5 Misconceptions about Autonomous Weapons Systems

Branka Marijan Emerging Technologies, Featured

During several years of discussions on autonomous weapons at the United Nations Convention on Certain Conventional Weapons (CCW), several arguments against their regulation have surfaced. Some seem intentionally misleading, while others are out of touch with the rapid development of emerging technologies and the current trends in academic research and analysis.

How Canada can get up to speed on the ban on autonomous weapons

Branka Marijan Emerging Technologies, Featured

Disarmament and arms control have not featured prominently, if at all, in mandate letters to Canada’s foreign ministers in many years. But at the end of 2019, Canadian Foreign Minister François-Philippe Champagne was given a new mandate to “advance international efforts to ban the development and use of fully autonomous weapons systems.”

In a welcome shift, Canada makes banning killer robots a foreign policy priority

Cesar Jaramillo Emerging Technologies

It sounds like the stuff of science fiction. Enabled by significant advances in artificial intelligence (AI) and robotics, fully autonomous weapons systems with the ability to select targets and employ lethal force with no human involvement—also known as killer robots—may soon emerge.

Canada to support a ban on autonomous weapons 

Branka Marijan Conventional Weapons, Emerging Technologies, News

The question now is what happens next and how will the mandate be implemented when UN discussions on this issue resume in June. While fully autonomous weapons systems do not yet exist, experts agree that they soon will.

New Technologies and Conflict Escalation

Branka Marijan Featured, News

In a recent New York Times opinion piece, Glenn S. Gerstell, the general counsel for the United States National Security Agency, explains why the United States cannot afford to lose the digital revolution. He lays out the ways in which technology will transform national security threats and predicts a bleak future of constant cyberwarfare and new weapons. Gerstell rightly notes …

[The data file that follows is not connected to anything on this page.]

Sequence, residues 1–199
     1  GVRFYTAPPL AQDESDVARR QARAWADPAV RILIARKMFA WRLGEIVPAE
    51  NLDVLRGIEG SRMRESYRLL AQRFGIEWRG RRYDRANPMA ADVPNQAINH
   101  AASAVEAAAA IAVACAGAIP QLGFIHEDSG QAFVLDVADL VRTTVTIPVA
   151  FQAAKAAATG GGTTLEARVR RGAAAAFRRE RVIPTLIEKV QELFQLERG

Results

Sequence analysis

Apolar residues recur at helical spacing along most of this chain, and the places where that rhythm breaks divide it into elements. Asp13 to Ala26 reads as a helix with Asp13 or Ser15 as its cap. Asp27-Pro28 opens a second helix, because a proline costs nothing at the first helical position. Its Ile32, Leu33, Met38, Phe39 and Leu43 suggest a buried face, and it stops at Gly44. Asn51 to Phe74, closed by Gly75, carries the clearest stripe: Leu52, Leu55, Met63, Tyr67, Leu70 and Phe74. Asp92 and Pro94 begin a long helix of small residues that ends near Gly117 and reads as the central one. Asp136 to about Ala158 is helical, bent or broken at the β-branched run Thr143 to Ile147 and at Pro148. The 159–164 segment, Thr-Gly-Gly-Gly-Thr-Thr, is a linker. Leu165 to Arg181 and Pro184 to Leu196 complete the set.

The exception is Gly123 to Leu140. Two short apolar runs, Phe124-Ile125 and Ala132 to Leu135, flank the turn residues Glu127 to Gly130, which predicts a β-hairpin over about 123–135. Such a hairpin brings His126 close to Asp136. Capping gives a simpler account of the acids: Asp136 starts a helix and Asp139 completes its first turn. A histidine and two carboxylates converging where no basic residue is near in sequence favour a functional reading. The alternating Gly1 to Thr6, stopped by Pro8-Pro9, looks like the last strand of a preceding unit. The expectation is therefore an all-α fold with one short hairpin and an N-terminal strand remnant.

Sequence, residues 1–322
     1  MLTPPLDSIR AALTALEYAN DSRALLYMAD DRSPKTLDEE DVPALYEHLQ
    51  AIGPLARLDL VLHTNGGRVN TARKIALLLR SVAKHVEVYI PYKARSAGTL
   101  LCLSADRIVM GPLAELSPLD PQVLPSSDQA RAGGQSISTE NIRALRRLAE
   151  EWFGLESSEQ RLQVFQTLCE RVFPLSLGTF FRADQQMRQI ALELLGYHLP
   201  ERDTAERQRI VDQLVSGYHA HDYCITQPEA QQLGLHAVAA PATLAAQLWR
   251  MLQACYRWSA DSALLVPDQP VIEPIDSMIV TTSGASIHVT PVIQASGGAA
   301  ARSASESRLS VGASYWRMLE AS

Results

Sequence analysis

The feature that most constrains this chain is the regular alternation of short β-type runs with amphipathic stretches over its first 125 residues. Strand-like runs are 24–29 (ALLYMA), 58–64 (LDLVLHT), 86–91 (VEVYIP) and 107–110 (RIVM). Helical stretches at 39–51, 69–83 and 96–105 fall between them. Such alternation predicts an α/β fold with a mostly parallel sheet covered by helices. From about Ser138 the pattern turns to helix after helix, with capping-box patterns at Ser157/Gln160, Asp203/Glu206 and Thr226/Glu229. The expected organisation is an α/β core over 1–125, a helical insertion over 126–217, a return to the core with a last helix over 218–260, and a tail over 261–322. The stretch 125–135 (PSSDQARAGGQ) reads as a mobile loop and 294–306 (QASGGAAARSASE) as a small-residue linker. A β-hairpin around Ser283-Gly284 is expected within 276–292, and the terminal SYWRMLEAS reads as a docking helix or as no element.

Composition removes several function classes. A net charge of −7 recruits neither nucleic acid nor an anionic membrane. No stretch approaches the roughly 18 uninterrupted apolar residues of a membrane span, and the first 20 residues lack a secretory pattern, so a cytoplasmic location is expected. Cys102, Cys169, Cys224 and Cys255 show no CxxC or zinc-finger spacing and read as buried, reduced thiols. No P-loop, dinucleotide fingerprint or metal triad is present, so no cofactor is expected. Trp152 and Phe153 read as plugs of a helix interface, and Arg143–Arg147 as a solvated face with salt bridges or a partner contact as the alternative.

Event: AI Arms Race (Let’s Talk about Killer Robots)

Ploughshares Archived Events, Conventional Weapons, Emerging Technologies, News Leave a Comment

If you are in Vancouver, please join us for a conversation about the issue of autonomous weapons and the work of the Campaign to Stop Killer Robots. We will provide the information and refreshments. It’s FREE!

10 Things You Should Know About Killer Robots

Ploughshares Conventional Weapons, Current Publication, Emerging Technologies

1. What are Killer Robots? Actually, pretty much what they sound like. These are autonomous weapons systems that could kill human beings without any human involvement in the critical functions of target selection and the employment of lethal force. Lethal autonomous weapons systems could take many physical forms, and could also operate in large numbers and distributed architectures. The emergence …

The military, AI, and why it’s time to worry

Branka Marijan Americas, Conventional Weapons, Current Publication, Emerging Technologies, Featured

“We are not talking about walking, talking terminator robots that are about to take over the world; what we are worried about is much more looming: conventional weapons systems with autonomy. They are beginning to sneak in.”

The AI arms race: The Cold War mindset returns

Branka Marijan Conventional Weapons, Emerging Technologies, Featured

Concerns about an artificial-intelligence (AI) arms race between advanced militaries have been raised by many experts and analysts, including SpaceX founder Elon Musk and United Nations Secretary-General António Guterres. Scientists and engineers are also becoming increasingly vocal in discussions on the weaponization of AI, urging governments to develop regulations to prohibit certain applications of AI in weapons technology. But they …

Blurring the lines: Virtual, mixed reality and the future of warfare

Branka Marijan Armed Conflicts, Conventional Weapons, Emerging Technologies, Featured, News

In early October 2017, Facebook founder Mark Zuckerberg and colleague Rachel Franklin sat in offices in California wearing headsets while they toured a video by National Public Radio of hurricane-devastated Puerto Rico using virtual-reality application Spaces. In a live stream, cartoon characters Zuckerberg and Franklin could be seen touring the footage of the island. The broadcast created a large backlash. …